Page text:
Brett Atkinson has 10 top tips for exploring Hawaii.

With regular airfare bargains and a flying time of less than nine hours from Auckland, it's not surprising Hawaii is becoming popular with New Zealand travellers. While a hotel or resort stay around Oahu's Waikiki Beach is relaxing and enjoyable, Hawaii's also a destination that's perfect for discovering on a self-drive holiday. Follow these tips to explore Hawaii's other islands independently, and be surprised at how affordable it can be for travelling Kiwi families.

1. Definitely rent a car

Loads of competition keeps rental car rates relatively cheap in Hawaii. Shop around online and it's possible to rent a car including full insurance for about NZ$60 a day. Your New Zealand licence is all you need, and it's worth asking about last-minute upgrade deals to secure a more comfortable SUV for a discounted price.

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2. Don't worry about driving on the other side

Hawaii may be one of the world's best places to drive a left-hand-drive car. The speed limit never exceeds 100km/h, and on many roads it's significantly lower. Traffic is light outside Honolulu, especially on other islands like Maui and Hawaii (the Big Island), and roads are usually well signposted. Hawaiian drivers are also uniformly laid-back.

3. Pick up a local SIM card to avoid roaming fees

When you first arrive, visit Honolulu's Ala Moana Shopping Center and sign up for T-Mobile's Tourist Plan — US$30 for unlimited data across 21 days — and let Google Maps be your friend. Just make sure you've also got a dashboard mount for your smartphone to comply with local traffic regulations.

4. Hit the road for Hawaii's top drives

On Maui, the Road to Hana is a spectacular procession of jungle-clad curves, waterfalls and one-way bridges — if you've driven the Coromandel Peninsula or around the South Island's West Coast you'll be just fine — while the Big Island's Chain of Craters drive meanders through massive lava fields to the spectacular Holei Sea Arch.

Sunset at Haleakala National Park. Photo / Getty Images
Sunset at Haleakala National Park. Photo / Getty Images

5. Foodland is your friend

Self-catering is a great option in Hawaii, and supermarket food prices are reasonable. Look out for the Foodland chain — there's usually a big branch near airports and car rental outlets — and load up on produce like fresh pineapples for under a dollar. The Whole Foods store near Maui's Kahului Airport has a great deli section, including made-to-order sandwiches and salads.

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6. Airbnb is the answer

From a bush-clad studio in the forested Big Island village of Volcano (search "Studio w/Private Lanai") to a breezy garden flat in sleepy Hana in eastern Maui (search "Cozy cottage in beautiful Hana"), Airbnb offers plenty of great Hawaii accommodation. A good value option for travelling families is Nona Lani Cottages (nonalanicottages.com) beachfront at Kihei on Maui. Make sure you book somewhere with a barbecue to take advantage of Hawaii's great climate.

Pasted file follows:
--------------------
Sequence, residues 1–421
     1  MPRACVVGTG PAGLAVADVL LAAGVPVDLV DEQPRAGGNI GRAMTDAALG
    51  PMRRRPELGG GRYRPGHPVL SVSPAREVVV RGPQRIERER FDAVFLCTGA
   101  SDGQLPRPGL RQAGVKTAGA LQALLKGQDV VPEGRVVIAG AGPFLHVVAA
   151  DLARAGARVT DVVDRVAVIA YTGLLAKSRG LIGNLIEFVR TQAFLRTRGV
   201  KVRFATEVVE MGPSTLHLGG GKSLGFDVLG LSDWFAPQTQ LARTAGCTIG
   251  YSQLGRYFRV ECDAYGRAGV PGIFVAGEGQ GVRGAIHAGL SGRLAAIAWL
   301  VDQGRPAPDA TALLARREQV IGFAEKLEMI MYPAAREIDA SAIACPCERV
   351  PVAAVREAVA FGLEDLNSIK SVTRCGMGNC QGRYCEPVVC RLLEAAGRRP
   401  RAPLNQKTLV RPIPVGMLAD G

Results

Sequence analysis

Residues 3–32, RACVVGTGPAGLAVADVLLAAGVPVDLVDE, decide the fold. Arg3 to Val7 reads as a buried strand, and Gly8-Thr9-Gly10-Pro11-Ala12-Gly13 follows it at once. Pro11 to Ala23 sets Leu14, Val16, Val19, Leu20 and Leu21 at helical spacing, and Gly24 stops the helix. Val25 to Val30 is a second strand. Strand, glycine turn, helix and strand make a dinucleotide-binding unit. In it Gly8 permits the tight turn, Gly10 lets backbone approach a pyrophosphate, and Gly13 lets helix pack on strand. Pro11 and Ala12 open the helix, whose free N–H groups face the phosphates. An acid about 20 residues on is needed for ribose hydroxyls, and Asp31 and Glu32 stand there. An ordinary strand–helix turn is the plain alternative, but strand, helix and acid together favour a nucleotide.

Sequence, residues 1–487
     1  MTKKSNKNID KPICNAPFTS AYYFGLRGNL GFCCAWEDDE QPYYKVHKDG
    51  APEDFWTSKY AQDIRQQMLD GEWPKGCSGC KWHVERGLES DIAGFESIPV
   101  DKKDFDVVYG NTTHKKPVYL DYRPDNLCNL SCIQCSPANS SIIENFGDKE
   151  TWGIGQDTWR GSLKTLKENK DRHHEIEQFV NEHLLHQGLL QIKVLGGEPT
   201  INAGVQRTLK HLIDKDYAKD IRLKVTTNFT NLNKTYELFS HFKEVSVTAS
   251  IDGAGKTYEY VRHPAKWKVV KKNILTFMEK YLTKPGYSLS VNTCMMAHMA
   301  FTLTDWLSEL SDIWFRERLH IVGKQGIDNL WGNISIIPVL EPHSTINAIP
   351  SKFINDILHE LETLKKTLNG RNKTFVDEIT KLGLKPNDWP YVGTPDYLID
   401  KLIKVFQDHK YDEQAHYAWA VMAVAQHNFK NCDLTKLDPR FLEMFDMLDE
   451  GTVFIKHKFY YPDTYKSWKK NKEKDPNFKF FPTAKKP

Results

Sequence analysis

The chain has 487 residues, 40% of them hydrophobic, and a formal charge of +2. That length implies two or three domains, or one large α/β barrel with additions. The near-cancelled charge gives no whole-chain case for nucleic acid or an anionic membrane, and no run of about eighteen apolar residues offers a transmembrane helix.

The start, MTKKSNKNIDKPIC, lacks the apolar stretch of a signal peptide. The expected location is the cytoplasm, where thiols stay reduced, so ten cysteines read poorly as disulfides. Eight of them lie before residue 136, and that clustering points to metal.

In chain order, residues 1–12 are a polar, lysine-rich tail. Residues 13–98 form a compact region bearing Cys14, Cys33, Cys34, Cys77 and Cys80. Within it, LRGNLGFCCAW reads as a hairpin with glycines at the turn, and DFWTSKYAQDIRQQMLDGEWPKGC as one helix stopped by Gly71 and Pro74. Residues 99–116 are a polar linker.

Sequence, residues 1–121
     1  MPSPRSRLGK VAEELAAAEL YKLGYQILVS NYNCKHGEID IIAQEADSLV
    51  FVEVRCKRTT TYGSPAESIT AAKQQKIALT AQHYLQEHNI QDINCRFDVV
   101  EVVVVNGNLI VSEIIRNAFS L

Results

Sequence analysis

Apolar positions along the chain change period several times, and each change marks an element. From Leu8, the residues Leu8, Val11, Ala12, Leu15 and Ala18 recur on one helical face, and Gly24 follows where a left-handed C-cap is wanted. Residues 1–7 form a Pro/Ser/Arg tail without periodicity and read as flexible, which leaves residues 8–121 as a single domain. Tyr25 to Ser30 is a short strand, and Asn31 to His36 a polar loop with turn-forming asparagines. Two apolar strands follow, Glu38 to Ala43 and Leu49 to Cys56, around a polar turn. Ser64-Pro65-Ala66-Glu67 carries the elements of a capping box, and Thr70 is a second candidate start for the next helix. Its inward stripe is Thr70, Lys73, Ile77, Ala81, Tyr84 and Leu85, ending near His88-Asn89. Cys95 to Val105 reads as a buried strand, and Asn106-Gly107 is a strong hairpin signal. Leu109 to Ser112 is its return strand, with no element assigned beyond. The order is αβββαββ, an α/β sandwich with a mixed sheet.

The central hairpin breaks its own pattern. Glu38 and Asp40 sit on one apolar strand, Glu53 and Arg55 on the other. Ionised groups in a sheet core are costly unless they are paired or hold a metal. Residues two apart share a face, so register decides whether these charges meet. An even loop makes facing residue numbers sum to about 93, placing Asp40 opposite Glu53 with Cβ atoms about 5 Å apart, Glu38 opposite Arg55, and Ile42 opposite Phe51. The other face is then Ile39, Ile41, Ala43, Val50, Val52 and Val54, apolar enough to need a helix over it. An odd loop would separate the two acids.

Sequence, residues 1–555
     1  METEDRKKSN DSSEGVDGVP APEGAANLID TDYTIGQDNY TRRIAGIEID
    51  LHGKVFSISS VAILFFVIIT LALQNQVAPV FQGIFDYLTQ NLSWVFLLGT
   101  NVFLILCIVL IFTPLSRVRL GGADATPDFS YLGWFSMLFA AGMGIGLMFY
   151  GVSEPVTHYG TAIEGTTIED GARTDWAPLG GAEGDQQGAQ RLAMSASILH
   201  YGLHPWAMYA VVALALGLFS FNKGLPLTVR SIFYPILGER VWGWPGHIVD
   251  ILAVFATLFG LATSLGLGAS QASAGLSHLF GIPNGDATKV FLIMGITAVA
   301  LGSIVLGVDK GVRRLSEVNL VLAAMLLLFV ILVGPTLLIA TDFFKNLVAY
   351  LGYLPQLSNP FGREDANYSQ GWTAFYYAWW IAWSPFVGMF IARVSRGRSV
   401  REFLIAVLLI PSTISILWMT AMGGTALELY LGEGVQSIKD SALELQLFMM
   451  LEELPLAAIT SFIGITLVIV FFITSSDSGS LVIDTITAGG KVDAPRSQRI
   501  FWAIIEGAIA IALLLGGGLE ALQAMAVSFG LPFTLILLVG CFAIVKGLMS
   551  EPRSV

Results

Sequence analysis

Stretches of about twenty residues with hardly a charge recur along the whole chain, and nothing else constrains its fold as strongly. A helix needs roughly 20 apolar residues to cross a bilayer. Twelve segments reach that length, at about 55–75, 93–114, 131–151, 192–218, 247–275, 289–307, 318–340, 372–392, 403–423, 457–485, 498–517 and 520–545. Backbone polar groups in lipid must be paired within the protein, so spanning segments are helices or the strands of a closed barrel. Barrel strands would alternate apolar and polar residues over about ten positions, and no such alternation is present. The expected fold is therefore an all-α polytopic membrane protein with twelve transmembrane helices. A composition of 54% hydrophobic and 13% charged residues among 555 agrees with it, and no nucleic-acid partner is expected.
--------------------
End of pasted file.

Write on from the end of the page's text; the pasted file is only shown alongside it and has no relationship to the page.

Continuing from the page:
Hawaiian green turtles relaxing at Punaluu Black Sand Beach. Photo / Getty Images
Hawaiian green turtles relaxing at Punaluu Black Sand Beach. Photo / Getty Images

7. Maximise your holiday budget

Incorporate free and cheaper sights like the sea turtles on the Big Island's black sand Punalu'u Beach, or a spectacular sunrise or sunset atop Mt Haleakala on Maui. National park entrance fees of US$25 per car and US$12 per person do apply at Haleakala, but the views high above the clouds are stunning. From around 5pm, most bars offer happy hour for drinks and bar snacks — coconut shrimps are a menu staple — and there's often free live music as well. Just look for the signs advertising "Pau Hana", (literally Finished Work).

8. Eat local

For more good-value eating, look for places serving "plate lunches", usually a frisbee-sized selection of rice, salads and a choice of protein like Hawaiian-style kalua pork, Japanese katsu chicken or Korean beef short ribs. Poke rice bowls crammed with fresh seafood are also very popular. With everything on the menu under US$12, Umekes is regarded as one of the Big Island's best poke and lunch plate spots.

Hawaiian salmon poke bowl. Photo / Getty Images
Hawaiian salmon poke bowl. Photo / Getty Images

9. Search out Hawaii's markets and food trucks

The best of Hawaii's farmers' markets is the Saturday morning KCC market held in the shadow of Diamond Head in Honolulu, but other markets big and small dot the other islands. On Maui, there's a weekly street party with music and food trucks held at a different place every Friday night. Locations could include Lahaina's heritage waterfront or the upcountry ranching town of Makawao. Check mauifridays.com for what's scheduled for when you're visiting.

10. Don't forget your coffee plunger

Hawaii produces decent coffee — especially from the organic and biodynamic Kona estates on the Big Island — and what Americans call a French press will ease you into another tropical day on the lanai (patio) of wherever you're staying. With a bit of luck, you can track down a local spot for deep-fried malasadas (Portuguese-style doughnuts). If you're staying at Nona Lani Cottages on Maui, it's just a short bike ride to the Sugar Beach Bake Shop where they're made to order from 6am to 9am every morning.

GETTING THERE

Air New Zealand and Hawaiian Airlines fly direct from Auckland to Honolulu. Hawaiian Airlines offers connections to the other islands.

DETAILS
gohawaii.com